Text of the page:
“Year Zero made me laugh out loud and taught me stuff about copyright infringement: It’s clever, smart, and so original that people are probably already trying to rip it off.”
Charles Yu, author of How to Live Safely in a Science Fictional Universe
“All in all, it’s a supremely fun read which will remind you how much you love science fiction comedy—and how much you hate the music industry.”
“My pick for best (and funniest) sci-fi book of the year.”
Chris Anderson, editor in chief, Wired
“Hailed as this summer’s best beach read for science fiction and music geeks . . . It’s an often hilarious satire on much of current entertainment, including reality TV, the legal profession and fandom (interstellar and otherwise), but the book’s crowning achievement is that it actually makes copyright funny.”
“Year Zero is ROFLMAO funny, insightful, and sly: A sort of Hitchhiker’s Guide to our own tortured commercial/litigation culture, by way of planet Zinkiwu.”
Mark Jannot, editor in chief, Popular Science
“Fans of Douglas Adams will rave about this smart, funny satire. Debut novelist Reid, founder of Listen.com, has crafted a masterly plot that deftly skewers the American obsession with music, money, and power. Fast paced and original, this is highly recommended.”
Library Journal (starred review)
“Witty and original—I loved it. A biting satire of the record business and those who run it . . . and ultimately ran it into the ground.”
Cliff Bleszinski, creator, Gears of War
“With chess master precision, the refreshingly ray gun-free novel wittily plays with the possibilities of its fantastical plot. It mixes airtight point-and-counter point rounds of arguments with wild travails to distant worlds. The careful cohesion of Year Zero is a marvel given its star-hopping digressions.”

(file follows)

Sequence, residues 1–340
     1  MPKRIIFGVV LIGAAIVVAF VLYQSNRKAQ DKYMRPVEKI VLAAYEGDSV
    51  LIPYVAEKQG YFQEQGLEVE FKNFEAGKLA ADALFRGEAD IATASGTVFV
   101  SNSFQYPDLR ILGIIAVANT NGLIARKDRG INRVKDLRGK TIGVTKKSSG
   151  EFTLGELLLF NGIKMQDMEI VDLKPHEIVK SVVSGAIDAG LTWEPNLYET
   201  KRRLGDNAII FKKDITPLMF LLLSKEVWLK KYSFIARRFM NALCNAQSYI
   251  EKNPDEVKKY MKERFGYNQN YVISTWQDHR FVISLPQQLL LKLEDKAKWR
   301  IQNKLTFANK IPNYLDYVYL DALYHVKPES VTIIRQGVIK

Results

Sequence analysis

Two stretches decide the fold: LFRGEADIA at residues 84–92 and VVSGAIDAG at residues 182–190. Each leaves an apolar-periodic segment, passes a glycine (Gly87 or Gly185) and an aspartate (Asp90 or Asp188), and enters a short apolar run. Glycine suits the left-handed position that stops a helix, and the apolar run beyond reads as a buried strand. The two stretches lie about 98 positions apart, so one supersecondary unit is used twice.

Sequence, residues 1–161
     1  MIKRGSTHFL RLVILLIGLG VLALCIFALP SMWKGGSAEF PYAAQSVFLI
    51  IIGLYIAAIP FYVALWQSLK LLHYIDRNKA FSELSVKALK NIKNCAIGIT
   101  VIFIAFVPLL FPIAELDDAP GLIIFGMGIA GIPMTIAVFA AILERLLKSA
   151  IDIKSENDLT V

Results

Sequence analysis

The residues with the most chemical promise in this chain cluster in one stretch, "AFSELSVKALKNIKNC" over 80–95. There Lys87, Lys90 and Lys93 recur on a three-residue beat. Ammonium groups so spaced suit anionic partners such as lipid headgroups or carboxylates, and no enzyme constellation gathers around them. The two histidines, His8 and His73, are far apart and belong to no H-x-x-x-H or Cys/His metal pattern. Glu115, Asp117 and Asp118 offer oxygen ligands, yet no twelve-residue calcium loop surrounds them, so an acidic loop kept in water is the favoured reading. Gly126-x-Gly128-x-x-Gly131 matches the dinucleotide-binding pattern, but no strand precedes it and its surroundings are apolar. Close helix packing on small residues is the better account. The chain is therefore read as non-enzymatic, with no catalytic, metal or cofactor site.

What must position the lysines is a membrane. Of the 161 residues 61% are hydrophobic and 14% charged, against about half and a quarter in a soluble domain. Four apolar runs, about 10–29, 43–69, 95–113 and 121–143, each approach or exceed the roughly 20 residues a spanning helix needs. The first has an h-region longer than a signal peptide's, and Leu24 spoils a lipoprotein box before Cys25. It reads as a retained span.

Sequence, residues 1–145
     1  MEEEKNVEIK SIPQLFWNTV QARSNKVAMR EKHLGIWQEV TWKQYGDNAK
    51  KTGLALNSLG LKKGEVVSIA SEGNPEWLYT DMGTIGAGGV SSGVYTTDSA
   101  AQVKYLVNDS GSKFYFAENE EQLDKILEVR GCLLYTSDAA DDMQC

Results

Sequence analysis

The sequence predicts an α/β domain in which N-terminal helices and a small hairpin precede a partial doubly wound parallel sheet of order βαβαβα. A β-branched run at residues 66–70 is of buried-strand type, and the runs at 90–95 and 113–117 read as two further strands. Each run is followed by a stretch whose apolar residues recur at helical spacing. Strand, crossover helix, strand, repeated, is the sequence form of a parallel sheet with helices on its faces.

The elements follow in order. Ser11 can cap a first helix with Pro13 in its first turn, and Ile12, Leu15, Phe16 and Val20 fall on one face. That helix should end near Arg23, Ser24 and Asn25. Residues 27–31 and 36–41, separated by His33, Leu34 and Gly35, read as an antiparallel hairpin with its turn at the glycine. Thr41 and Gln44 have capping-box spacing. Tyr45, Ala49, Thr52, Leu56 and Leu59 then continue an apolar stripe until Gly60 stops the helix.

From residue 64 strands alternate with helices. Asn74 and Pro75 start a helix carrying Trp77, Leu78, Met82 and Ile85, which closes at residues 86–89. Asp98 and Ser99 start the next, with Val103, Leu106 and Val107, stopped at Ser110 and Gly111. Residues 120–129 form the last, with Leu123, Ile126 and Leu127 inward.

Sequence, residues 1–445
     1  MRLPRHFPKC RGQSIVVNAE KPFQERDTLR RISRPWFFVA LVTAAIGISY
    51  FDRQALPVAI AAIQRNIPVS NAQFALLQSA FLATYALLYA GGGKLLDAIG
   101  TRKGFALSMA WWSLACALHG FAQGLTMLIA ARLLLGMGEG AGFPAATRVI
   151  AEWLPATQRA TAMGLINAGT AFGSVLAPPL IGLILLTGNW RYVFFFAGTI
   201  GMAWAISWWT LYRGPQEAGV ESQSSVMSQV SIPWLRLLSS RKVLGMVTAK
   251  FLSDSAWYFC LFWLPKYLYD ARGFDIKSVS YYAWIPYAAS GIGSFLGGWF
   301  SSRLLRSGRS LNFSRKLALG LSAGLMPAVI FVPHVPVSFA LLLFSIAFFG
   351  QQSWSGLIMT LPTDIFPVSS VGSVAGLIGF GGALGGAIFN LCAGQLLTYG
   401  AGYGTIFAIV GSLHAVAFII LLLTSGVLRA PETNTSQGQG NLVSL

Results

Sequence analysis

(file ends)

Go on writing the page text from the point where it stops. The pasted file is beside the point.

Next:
“Smart and wacky.”
Bob Boilen, NPR’s All Songs Considered
“Reid . . . takes aim at many targets—technology, the music industry, hipsters—and nails them hilariously.”
“What if aliens heard our music—and really liked it? You could ‘what if’ for the next millennium and still not come up with as many zany scenarios as Rob Reid does in this tale of copyright law, astrophysics, biophysics, and crazy physics that hasn’t yet been invented. So sit back, hold your sides to ease the laughing pains, and find out whether Earth survives.”
Jill Tarter, director, Center for SETI Research
“Awesome. Think Hitchhikers Guide to the Galaxy, but with copyright law driving a major plot line. A mainstream humorous sci-fi novel that uses the Berne Convention as a key plot point and tosses aside casual references to Larry Lessig and Fark? Yes. Count me in.”
“Year Zero is a brilliant satire of the American entertainment industry, and I never stopped grinning.”
Kevin Hearne, author of The Iron Druid Chronicles
“Light-hearted, intelligent and just plain silly . . . Year Zero is very clever and has wonderful fun with themes I think you’ll enjoy.”
“The fun in Year Zero comes from the banter among the main characters, all of whom are well drawn and hilarious in their own right. While the novel satirizes the music industry, it’s obvious the author feels as passionately as some of the alien characters about the power of pop music.”